This program concentrates on indicator and pathogenic microorganisms in waters used for recreation, aquaculture, and shellfish harvesting. One focus of this program is understanding the ecology of autochthonous bacteria and viruses in estuarine waters. There is also an emphasis on developing rapid methods for detection of indicators/pathogens of fecal contamination in shellfish and marine waters and methods that can be used to identify sources of fecal contamination from watersheds. Another focus is understanding the biology and ecology of microorganisms causing disease in animals such as mycobacteriosis in striped bass attributed to new species of environmental mycobacteria and the menhaden ulcerative-syndrome caused by the water mold Aphanomyces invadans.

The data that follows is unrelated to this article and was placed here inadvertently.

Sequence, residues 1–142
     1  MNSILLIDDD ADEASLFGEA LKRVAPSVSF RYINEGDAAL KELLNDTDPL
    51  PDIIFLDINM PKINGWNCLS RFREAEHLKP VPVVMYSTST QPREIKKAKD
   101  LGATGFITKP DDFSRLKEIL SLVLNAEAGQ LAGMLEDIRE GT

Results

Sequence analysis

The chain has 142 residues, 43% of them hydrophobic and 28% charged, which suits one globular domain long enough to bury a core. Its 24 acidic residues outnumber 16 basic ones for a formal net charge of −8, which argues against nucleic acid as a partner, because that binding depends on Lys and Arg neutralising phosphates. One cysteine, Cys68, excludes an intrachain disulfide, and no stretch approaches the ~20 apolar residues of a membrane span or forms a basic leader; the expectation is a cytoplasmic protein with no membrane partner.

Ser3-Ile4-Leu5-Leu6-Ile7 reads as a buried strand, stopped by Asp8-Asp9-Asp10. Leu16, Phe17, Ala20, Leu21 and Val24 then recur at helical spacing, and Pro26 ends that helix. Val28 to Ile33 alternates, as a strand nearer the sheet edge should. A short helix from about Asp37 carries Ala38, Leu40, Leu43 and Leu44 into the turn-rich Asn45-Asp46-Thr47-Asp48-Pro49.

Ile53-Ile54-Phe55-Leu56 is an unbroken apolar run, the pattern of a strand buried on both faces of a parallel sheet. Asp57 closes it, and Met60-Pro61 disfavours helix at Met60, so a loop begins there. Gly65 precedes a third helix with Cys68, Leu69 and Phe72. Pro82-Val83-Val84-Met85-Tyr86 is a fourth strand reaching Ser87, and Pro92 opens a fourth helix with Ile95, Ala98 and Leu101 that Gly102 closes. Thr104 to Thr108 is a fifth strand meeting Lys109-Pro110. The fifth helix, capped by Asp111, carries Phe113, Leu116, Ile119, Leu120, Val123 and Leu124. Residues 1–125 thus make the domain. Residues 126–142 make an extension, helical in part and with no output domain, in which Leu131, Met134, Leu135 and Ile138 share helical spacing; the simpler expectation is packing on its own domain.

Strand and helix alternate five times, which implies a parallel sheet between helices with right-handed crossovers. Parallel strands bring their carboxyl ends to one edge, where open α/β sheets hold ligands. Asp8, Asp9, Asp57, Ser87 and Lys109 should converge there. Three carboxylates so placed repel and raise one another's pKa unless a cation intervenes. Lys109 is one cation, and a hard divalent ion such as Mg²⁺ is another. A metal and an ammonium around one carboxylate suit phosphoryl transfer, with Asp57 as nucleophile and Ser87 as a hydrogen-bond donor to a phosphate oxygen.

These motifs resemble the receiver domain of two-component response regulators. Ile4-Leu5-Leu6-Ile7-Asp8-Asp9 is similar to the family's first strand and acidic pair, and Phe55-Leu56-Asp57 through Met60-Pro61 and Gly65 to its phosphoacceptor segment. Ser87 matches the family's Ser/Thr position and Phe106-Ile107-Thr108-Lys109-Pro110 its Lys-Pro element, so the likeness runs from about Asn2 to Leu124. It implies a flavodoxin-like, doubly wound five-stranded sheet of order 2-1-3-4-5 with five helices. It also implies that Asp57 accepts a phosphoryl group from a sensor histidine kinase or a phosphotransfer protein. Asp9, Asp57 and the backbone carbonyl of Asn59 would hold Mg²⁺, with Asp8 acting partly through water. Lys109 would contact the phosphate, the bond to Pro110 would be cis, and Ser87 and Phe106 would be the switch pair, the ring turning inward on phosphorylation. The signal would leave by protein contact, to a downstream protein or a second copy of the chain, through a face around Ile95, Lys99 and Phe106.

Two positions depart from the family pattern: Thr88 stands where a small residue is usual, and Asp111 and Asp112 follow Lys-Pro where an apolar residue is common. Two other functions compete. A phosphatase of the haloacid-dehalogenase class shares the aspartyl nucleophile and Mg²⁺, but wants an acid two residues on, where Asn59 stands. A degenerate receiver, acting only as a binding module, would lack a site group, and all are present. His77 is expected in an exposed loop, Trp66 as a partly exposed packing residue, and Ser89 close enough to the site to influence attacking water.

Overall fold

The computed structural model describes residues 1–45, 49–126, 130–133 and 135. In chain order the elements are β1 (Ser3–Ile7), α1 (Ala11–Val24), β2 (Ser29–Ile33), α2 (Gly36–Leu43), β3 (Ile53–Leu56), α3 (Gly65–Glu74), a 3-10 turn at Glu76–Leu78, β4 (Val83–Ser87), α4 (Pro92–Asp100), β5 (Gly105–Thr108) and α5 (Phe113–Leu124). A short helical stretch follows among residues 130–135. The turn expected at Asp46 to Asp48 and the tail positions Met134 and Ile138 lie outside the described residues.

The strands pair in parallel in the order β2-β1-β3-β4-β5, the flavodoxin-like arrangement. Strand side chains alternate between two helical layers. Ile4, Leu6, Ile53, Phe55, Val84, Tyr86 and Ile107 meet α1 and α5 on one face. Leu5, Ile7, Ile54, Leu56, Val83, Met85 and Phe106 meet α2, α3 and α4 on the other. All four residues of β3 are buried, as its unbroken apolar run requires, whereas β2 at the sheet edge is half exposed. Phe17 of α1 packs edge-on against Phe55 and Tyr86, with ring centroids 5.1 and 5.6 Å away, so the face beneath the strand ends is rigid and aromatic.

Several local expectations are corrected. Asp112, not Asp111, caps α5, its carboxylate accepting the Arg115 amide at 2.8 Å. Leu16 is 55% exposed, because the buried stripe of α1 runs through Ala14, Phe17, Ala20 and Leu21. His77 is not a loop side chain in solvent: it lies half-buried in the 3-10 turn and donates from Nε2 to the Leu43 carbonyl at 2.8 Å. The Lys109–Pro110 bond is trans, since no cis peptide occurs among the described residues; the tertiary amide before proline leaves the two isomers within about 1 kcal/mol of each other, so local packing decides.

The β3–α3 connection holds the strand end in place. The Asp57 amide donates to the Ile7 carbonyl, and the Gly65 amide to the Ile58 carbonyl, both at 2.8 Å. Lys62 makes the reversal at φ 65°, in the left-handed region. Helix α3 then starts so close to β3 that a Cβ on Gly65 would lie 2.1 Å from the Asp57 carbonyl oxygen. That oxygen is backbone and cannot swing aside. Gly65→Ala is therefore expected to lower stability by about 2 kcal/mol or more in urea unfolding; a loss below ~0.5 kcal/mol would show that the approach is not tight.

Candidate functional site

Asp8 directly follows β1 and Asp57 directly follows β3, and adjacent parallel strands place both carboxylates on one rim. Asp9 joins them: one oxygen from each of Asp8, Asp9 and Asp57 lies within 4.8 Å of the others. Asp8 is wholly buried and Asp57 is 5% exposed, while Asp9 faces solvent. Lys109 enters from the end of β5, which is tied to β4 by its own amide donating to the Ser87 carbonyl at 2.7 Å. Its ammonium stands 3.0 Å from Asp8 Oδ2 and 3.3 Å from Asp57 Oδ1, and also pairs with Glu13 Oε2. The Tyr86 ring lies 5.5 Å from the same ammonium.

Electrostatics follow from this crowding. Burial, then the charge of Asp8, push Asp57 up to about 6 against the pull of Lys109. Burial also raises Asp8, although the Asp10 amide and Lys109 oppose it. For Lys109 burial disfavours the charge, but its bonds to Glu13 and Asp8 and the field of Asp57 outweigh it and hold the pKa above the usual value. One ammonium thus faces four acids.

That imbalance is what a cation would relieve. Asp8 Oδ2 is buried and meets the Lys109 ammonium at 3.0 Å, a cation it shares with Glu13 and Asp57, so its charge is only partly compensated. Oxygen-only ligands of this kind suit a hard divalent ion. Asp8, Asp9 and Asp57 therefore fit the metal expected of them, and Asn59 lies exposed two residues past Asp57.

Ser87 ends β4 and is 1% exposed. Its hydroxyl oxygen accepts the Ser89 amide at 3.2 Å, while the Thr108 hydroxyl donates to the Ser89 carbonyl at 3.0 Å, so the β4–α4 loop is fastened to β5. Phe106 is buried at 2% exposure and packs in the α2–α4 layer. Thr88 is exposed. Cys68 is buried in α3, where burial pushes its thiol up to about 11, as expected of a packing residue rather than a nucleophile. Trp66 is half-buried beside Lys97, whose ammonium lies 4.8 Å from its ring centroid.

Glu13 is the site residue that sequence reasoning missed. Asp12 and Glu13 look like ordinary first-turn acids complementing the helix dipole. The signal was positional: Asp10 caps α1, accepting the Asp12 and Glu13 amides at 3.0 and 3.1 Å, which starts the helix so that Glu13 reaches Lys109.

Research efforts evaluate the validity and ecology of
microorganisms as indicators of sewage or fecal contamination and cultural,
immunological, and molecular methods for their detection and enumeration. Other
research interests include nitrification, microbial degradation of xenobiotic
compounds and petroleum hydrocarbons, processes within watersheds that affect
the microbial ecology of receiving waters, bacterial pathogens and disease
processes of shellfish and finfish, and the ecology of naturally occurring
viruses. Microbiological problems relevant to state and national interests and
of regulatory or resource management significance are commonly addressed.
Principal investigator: Dr. Howard Kator